Sometimes, if there is just one phlebotomist on site and a caregiver is not present in the room, he or she must hold the patient while making the draw.
Most lab locations that frequently have pediatric patients are stocked with photos, bubbles, and other distraction tools that can help divert the child’s attention before or during the needle stick. These tools often include a “Buzzy,” which is a small cold pack shaped like a bumblebee that can vibrate and help numb the area. No matter what tools a phlebotomist chooses, communication is an important part of any draw.
“For a patient who’s never had blood drawn, you need to explain what’s going to happen (saying, It’s going to be a little bit of a pinch),” said McAnany. “If you distract them just by asking the patient about themselves, they won’t concentrate on the blood draw.”
Each patient is different when it comes to pain or discomfort, and having your blood drawn differs from getting a shot or vaccine because it is drawing the specimen out of the body rather than injecting something into the body. Still, some of the bravest patients often shed tears during or after the “pinch,” but phlebotomists are trained to give words of encouragement and praise.
“I always tell them that it’s OK to cry, but really try to hold still,” said McAnany. “You really have to get a good rapport with them and be soft-spoken.”
At the end of the day, she says the quality of these interactions will shape a patient’s overall experience. While needle-sticks can be challenging for patients at any age, following the right protocol and tuning in to the patient’s needs is absolutely essential.
Establishing a good relationship with a patient often results in them asking for a certain phlebotomist for future visits, even when it means waiting longer.
“Even some adults follow the tech from site to site just because they’ve had a good experience,” said McAnany.
Read more on this topic: CAP Today: Helping phlebotomists ease pediatric patient anxiety
Laboratory personnel were recently recognized at Strong Memorial Hospital at an event celebrating the launch of the new nucleic acid testing (NAT) laboratory.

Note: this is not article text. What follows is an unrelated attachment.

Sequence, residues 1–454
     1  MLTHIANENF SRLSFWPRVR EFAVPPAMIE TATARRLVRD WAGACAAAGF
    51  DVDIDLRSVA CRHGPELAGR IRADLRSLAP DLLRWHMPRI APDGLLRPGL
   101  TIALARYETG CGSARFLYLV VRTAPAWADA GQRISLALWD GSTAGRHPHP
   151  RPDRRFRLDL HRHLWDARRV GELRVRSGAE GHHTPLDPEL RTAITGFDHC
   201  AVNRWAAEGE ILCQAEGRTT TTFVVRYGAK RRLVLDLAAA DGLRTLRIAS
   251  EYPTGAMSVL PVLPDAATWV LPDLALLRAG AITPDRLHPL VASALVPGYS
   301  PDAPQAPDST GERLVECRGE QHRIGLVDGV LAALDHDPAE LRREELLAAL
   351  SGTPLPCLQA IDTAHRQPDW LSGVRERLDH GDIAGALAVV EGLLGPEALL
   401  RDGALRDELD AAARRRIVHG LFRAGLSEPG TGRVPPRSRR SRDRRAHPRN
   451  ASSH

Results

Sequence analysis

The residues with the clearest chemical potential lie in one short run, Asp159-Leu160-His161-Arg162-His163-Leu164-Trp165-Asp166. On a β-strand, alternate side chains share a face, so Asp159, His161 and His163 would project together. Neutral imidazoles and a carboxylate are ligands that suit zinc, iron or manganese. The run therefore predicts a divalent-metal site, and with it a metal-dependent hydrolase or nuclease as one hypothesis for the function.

The new FDA-approved lab, which officially opened in February, performs serologic testing to screen for HIV, Hepatitis B and Hepatitis C. These results must be obtained before a consenting donor’s organ can legally be transplanted into a recipient.
Prior to the launch, the closest FDA lab that did this testing was located in Philadelphia. Establishing the new lab has significantly reduced the amount of turnaround time for these lifesaving procedures.
Representatives from URMC, the Finger Lakes Donor Recovery Network (FLDRN) and regional organ procurement organizations came together on July 26 to recognize and thank the laboratory personnel who are on call 24/7 to perform this testing when needed.
“Bringing NAT testing here to Rochester really shortens the time, which helps donor organs to be more viable and more appropriate for the recipients, so we really are quite thankful that this team was able to make this testing possible,” said Kathy Parrinello, Chief Operating Officer of URMC.
Since it first opened, the lab has processed tests for 44 donors. It services Rochester, Buffalo, and Albany with hopes to expand this service area in the future.
“We do this because we in the laboratory are uniquely qualified to do this little piece of transplant testing,” said Dr. Dwight Hardy, Director of Clinical Microbiology at URMC. “We do it to be responsible members of the medical center community and Finger Lakes community, to see that organs that are to be potentially transplanted in patients are safe.”
Surgeons like Dr. Roberto Hernandez Alejandro, Chief of Transplantation Surgery at URMC, see many benefits to having NAT testing under the same roof.